Limit the amount of ports only to what is strictly needed for accessing the services. Try to avoid opening up debugging interfaces, or other backdoors. Fine for development, but make sure it won’t end up in your production environment.
Installation of external software components
Almost every container needs software. For internal created components, they can be copied into the image (e.g. with the ADD or COPY statement).
When adding files into the image, the COPY statement is preferred. To ensure proper usage of the cache, separate COPY statements (opposed to package installation activities). This helps in performance, by invalidating just some parts of the cache.
Most software is available online, which means it has to be downloaded. While there is nothing wrong with downloading files, we need to be fairly sure that what we have downloaded, is what we think it is. In other words, we need to ensure the integrity of the file download as a minimum. Even better is if we can check the authenticity of a file, by using signed software packages. Usually bigger software packages provides their downloads via HTTPS and with a signature.
The worst possible scenario for a download in a Dockerfile, is it via HTTP only, without any checking. Unfortunately this still occurs on a regular basis, making these builds susceptible to man-in-the-middle attacks.
Use cURL/wget instead of ADD
To limit the size of an image, the usage of cURL or wget is preferred. By using ADD files will be extracted into the image, increasing size. With the goal of keeping things to a minimum, it is better to use the other tools. Additionally, the command can be appended directly with an integrity check, which is not possible when using ADD.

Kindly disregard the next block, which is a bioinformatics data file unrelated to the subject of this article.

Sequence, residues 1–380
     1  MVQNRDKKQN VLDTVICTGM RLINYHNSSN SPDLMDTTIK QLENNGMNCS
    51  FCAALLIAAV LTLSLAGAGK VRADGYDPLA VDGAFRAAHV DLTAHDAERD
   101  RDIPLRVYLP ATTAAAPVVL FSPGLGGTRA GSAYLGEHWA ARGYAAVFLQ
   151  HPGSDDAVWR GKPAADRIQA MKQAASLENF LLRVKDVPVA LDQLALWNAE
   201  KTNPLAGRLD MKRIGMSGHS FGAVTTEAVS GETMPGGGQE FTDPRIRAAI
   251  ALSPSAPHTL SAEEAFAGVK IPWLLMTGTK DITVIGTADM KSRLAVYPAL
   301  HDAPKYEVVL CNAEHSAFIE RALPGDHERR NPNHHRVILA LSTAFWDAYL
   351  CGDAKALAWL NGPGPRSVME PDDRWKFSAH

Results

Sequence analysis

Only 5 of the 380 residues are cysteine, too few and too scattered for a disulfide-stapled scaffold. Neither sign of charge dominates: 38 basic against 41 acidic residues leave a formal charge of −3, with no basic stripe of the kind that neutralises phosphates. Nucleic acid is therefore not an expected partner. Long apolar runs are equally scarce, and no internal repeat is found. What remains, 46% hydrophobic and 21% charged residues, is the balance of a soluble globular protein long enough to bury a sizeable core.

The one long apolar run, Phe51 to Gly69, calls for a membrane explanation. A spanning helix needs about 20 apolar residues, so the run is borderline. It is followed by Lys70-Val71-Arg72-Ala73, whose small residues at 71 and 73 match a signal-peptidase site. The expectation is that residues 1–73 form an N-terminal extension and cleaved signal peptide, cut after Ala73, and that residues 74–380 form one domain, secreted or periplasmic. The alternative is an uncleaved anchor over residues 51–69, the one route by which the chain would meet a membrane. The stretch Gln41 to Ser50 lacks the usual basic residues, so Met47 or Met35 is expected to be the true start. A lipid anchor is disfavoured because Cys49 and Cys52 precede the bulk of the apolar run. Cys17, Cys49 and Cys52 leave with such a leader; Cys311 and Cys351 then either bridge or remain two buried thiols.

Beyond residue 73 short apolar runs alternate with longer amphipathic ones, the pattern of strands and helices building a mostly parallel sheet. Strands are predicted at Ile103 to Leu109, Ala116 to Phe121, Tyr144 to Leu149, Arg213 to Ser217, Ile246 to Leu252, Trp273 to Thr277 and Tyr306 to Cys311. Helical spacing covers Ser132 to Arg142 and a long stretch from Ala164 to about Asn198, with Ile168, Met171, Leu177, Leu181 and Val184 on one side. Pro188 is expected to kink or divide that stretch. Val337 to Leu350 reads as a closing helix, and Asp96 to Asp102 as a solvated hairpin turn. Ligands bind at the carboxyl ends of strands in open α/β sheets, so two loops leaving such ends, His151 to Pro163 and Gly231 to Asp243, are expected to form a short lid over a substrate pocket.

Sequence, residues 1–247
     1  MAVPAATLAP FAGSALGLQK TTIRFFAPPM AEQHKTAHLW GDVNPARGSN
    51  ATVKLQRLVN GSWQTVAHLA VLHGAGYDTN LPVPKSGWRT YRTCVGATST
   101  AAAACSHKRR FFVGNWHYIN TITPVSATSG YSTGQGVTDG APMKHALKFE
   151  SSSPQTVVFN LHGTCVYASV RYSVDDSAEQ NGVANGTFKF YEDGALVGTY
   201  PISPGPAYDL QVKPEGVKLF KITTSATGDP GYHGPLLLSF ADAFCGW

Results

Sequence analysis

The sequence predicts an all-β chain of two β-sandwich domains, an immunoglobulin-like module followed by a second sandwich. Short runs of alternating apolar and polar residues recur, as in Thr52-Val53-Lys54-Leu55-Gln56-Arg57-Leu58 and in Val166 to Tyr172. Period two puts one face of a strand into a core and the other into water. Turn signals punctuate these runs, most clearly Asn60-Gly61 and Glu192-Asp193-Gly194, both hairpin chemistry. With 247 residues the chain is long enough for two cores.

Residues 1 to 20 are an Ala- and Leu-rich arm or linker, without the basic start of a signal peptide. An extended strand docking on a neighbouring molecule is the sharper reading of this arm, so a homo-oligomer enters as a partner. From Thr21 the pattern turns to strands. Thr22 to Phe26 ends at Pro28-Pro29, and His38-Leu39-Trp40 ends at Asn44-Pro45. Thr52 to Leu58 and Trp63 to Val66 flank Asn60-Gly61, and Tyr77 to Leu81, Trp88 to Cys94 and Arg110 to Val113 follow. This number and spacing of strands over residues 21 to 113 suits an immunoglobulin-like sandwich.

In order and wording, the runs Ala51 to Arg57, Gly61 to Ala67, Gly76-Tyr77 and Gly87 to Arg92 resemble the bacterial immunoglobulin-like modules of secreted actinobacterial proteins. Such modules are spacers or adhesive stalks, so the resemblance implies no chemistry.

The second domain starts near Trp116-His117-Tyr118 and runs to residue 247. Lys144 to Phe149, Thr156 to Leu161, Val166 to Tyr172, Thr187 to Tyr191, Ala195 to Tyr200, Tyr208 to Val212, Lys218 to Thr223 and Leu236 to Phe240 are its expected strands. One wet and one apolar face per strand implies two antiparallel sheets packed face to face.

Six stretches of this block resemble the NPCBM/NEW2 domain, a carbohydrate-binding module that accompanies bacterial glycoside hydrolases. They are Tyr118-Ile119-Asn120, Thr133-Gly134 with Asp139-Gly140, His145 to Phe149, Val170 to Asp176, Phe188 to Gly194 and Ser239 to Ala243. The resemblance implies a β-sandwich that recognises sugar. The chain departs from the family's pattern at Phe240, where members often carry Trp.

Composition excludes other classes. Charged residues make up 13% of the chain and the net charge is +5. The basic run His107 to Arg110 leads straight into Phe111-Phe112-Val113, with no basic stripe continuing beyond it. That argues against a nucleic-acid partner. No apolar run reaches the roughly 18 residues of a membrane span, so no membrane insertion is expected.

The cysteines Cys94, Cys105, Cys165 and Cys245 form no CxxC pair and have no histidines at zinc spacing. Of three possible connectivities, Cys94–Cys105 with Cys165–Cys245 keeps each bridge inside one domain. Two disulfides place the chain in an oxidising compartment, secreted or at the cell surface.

Disk, Directories and Mounts
The Docker build file allows defining storage areas for your application with the help of the VOLUME statement. Only add those directories which are necessary. Keep things as small and limited as possible. Again, document why this path is required.
Instead of using the combination of “cd /data && ./runscript.sh”, the WORKDIR statement changes the current work directory. This helps with readability and simplifies auditing Dockerfiles.
Processes can be started with the CWD statement. For example starting Lynis:
CMD [“lynis”, “-c”, “-Q”]
Ensure that your process in the path, or use the full path.
By using the ENV statement, we can define environment settings. A common one is to define the path, for your custom binary location.
ENV PATH /usr/local/yourpackage/bin:$PATH
Be aware that environment variables won’t always work the same under different shells or on other platforms.
When possible, the least amount of permissions should be used, also during execution commands. With the USER statement, the permissions can be dropped from root to a non-privileged user.
Auditing tool for Docker
After reading these tips, you might want to check your files. Wouldn’t it be great if there was a tool to do this for you? Well, gladly there is a “Docker auditing tool”. Download the free Lynis version and audit it with:
lynis audit dockerfile <file>
This command will initialize the Docker related tests and performs a security related scan on the specified Dockerfile.
If you want to create solid and secure Docker build files, these are the things you should do with your Dockerfile:
- Add a maintainer
- Combine different apt/yum commands by “chaining” them.
- Document the file properly and use versioning.
- When possible download files via HTTPS, use signed software packages or have at least a checksum validation.
- Set your permissions of files as tight as possible. No chmod 777, keep that for your development system.
Want to read more about the subject? Here are some suggestions:
Dockerfile best practices: https://github.com/docker/docker/blob/master/docs/sources/articles/dockerfile_best-practices.md
Got more tips for safe Dockerfiles? We love to hear!